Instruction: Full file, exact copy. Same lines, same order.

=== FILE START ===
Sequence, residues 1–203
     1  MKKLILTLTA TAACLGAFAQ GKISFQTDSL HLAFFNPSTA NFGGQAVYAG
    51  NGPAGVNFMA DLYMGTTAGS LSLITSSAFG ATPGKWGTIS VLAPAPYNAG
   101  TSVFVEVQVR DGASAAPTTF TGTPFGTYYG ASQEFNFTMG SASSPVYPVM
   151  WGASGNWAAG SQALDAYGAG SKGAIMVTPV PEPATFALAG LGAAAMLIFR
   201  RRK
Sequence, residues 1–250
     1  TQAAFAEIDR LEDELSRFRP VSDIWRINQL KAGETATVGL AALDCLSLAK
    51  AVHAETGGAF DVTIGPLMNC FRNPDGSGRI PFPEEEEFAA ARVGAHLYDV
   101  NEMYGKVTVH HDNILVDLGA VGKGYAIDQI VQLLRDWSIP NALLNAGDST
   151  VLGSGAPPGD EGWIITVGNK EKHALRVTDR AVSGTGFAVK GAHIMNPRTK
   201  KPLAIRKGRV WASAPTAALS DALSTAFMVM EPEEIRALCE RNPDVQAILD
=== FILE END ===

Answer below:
Sequence, residues 1–203
     1  MKKLILTLTA TAACLGAFAQ GKISFQTDSL HLAFFNPSTA NFGGQAVYAG
    51  NGPAGVNFMA DLYMGTTAGS LSLITSSAFG ATPGKWGTIS VLAPAPYNAG
   101  TSVFVEVQVR DGASAAPTTF TGTPFGTYYG ASQEFNFTMG SASSPVYPVM
   151  WGASGNWAAG SQALDAYGAG SKGAIMVTPV PEPATFALAG LGAAAMLIFR
   201  RRK
Sequence, residues 1–250
     1  TQAAFAEIDR LEDELSRFRP VSDIWRINQL KAGETATVGL AALDCLSLAK
    51  AVHAETGGAF DVTIGPLMNC FRNPDGSGRI PFPEEEEFAA ARVGAHLYDV
   101  NEMYGKVTVH HDNILVDLGA VGKGYAIDQI VQLLRDWSIP NALLNAGDST
   151  VLGSGAPPGD EGWIITVGNK EKHALRVTDR AVSGTGFAVK GAHIMNPRTK
   201  KPLAIRKGRV WASAPTAALS DALSTAFMVM EPEEIRALCE RNPDVQAILD